By David Bailey
MINNEAPOLIS (Reuters) - Two company officials battled a worker they had just fired for tardiness and poor performance when he embarked upon a shooting rampage that killed five people and wounded three at a Minneapolis sign manufacturer last week, police said on Monday.
Minneapolis police on Monday released more details about the investigation into Andrew Engeldinger's shooting spree at Accent Signage Systems Inc. on Thursday, the worst work-place shooting on record in Minnesota.
Witnesses had provided conflicting reports to police, who said initially that Engeldinger had been fired earlier in the day and returned to the business, located in a tree-lined residential neighborhood of Minneapolis.
Police said they hoped to complete the investigation this week.
Engeldinger, 36, had been warned the previous week that he would be fired if he did not improve his performance, when he was summoned to an executive's office after an otherwise uneventful work shift on Thursday, police said.
The owner of two Glock 9mm handguns he bought legally last year, Engeldinger went to his car and then to the office to meet with executives John Souter and Rami Cooks, police said.
After they told him he had been terminated and gave him his final paycheck, Engeldinger pulled out a handgun and the three men struggled over the weapon, police said.
Engeldinger shot Cooks, who was pronounced dead later Thursday at an area hospital, and Souter, who remained hospitalized on Monday in serious condition.
Engeldinger dropped a partly loaded clip in the struggle and stopped to reload before leaving the office, police said.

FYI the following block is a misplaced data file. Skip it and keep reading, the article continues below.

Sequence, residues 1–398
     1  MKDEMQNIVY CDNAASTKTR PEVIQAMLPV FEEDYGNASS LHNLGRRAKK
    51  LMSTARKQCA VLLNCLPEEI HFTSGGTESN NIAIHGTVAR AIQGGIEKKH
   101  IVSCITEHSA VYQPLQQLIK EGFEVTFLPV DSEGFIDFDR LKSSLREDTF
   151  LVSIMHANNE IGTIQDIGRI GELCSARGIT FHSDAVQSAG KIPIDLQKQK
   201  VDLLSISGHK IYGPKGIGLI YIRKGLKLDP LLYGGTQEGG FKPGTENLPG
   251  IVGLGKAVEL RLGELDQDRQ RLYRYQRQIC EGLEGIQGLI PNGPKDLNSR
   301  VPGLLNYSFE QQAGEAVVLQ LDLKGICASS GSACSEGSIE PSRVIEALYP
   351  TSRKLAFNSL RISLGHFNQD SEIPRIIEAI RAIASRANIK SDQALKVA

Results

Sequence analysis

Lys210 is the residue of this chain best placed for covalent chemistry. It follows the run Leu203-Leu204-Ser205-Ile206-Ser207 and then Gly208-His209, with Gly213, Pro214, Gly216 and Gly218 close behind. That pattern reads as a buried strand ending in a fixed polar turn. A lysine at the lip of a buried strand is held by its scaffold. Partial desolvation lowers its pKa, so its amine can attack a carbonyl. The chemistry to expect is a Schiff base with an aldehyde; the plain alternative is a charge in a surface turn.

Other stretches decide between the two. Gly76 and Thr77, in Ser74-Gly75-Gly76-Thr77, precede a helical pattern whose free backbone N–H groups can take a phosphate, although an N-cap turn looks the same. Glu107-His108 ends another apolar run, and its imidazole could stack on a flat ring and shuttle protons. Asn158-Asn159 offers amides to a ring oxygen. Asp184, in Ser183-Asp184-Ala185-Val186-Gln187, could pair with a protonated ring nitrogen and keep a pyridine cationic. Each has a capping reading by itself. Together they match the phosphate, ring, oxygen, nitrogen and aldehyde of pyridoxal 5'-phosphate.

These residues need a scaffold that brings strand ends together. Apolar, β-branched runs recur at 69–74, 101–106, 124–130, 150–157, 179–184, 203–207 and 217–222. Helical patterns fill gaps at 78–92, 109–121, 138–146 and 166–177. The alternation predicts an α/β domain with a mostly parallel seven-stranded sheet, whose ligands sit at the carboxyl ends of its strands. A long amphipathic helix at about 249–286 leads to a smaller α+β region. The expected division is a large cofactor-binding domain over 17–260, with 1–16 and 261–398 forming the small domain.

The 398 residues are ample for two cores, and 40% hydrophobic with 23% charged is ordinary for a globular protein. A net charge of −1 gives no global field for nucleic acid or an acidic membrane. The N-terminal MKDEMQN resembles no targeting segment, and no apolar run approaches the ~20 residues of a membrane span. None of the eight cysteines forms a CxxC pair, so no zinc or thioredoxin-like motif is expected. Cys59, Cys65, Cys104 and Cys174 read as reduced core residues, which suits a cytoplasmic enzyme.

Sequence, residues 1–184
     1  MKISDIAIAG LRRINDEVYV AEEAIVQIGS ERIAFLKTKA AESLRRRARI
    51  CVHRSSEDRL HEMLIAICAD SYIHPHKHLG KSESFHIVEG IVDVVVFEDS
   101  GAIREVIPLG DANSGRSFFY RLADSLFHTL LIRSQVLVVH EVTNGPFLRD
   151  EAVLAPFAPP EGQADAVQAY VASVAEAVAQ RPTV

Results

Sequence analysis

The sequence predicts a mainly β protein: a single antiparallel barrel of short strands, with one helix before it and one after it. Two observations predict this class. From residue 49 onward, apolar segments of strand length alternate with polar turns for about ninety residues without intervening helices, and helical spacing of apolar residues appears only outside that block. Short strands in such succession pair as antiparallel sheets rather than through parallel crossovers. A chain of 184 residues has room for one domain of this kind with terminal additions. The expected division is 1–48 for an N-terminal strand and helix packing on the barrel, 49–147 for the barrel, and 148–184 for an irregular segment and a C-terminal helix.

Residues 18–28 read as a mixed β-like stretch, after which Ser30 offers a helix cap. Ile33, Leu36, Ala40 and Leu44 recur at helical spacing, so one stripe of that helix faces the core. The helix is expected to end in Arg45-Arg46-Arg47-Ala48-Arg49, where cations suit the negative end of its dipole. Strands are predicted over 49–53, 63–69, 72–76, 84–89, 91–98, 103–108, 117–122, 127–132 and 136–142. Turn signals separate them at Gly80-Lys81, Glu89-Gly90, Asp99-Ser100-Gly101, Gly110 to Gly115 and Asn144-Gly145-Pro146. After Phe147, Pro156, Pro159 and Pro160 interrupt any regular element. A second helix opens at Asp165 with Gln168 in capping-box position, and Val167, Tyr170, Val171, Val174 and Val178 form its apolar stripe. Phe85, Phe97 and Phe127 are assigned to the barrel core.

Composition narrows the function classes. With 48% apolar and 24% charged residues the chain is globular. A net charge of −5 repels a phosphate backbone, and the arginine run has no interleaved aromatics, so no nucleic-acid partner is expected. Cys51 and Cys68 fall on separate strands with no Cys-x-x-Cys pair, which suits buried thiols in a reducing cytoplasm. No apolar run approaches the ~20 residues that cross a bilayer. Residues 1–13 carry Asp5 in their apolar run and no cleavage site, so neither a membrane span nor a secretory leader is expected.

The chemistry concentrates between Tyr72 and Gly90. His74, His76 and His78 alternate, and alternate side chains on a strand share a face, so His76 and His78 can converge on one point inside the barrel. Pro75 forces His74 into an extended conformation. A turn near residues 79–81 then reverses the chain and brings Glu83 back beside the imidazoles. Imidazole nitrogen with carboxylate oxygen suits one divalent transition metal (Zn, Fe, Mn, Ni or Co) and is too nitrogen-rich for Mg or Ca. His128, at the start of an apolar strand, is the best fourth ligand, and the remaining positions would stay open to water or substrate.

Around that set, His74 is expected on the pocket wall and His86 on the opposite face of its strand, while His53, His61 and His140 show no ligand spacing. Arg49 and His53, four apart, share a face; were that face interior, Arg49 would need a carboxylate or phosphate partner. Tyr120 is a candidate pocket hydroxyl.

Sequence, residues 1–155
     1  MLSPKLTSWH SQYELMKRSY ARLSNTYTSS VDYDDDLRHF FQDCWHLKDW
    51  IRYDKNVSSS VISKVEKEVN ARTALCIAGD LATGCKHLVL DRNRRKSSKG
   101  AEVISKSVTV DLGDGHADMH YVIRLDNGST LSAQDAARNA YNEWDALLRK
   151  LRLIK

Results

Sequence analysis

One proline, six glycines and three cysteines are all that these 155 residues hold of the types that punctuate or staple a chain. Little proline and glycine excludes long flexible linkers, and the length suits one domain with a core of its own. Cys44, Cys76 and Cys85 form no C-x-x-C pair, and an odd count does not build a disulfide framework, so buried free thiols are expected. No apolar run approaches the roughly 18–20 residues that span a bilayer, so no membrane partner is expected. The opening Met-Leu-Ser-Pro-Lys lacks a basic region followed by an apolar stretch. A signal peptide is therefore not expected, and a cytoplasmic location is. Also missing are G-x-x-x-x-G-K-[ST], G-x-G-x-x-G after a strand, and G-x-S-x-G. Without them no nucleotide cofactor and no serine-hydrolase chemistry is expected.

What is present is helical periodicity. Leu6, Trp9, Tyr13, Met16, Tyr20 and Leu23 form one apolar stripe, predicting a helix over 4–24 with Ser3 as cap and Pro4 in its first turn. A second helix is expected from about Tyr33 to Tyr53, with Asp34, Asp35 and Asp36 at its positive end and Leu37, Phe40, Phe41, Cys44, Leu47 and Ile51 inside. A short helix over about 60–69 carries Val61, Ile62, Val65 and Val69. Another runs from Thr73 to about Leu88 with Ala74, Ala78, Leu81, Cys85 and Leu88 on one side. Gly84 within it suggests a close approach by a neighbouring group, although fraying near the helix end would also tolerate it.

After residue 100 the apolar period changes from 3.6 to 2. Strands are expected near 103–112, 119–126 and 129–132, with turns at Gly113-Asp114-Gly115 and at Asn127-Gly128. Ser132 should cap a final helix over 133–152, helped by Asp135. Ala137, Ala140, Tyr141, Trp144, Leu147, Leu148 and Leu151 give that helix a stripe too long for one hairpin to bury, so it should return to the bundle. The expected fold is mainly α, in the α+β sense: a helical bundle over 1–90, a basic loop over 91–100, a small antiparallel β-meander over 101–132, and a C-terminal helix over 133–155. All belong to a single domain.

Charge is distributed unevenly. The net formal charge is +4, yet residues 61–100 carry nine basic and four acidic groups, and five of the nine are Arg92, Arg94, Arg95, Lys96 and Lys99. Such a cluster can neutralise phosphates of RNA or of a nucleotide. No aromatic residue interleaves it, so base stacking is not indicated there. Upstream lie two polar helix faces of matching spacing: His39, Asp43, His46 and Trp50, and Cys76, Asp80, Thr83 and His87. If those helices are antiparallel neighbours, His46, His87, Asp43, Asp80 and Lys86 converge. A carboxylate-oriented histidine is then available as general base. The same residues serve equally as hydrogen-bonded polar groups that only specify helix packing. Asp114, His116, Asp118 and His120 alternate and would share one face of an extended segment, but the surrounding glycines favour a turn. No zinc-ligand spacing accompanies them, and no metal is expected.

At that point, Accent Signage founder and owner Reuven Rahamim stepped from his adjacent office and was shot and killed by Engeldinger, who then left the offices, police said.
Engeldinger entered an area where sales staff members had desks and displays, where he killed Jacob Beneke, police said.
From there, Engeldinger killed Ron Edberg in the loading dock area and UPS driver Keith Basinski, who was standing in his truck at the end of the loading dock, police said.
Engeldinger walked from there to a production area where he shot and wounded production manager Eric Rivers, who remains hospitalized in critical condition, and grazed a person who was treated and released.
A second Glock 9mm handgun was found in a search at Engeldinger's house after the shooting along with packaging for 10,000 rounds of ammunition, police said.
The Minneapolis shooting was a month after a work-related shooting near the Empire State Building in New York, which killed two people and wounded nine.
That followed a July mass shooting in a crowded cinema in Colorado and an attack on a Sikh temple in Wisconsin in August.
Nationally, there were 458 workplace homicides in 2011 and 518 in 2010, according to U.S. Bureau of Labor Statistics data. (Reporting by David Bailey; editing by Greg McCune and Todd Eastham)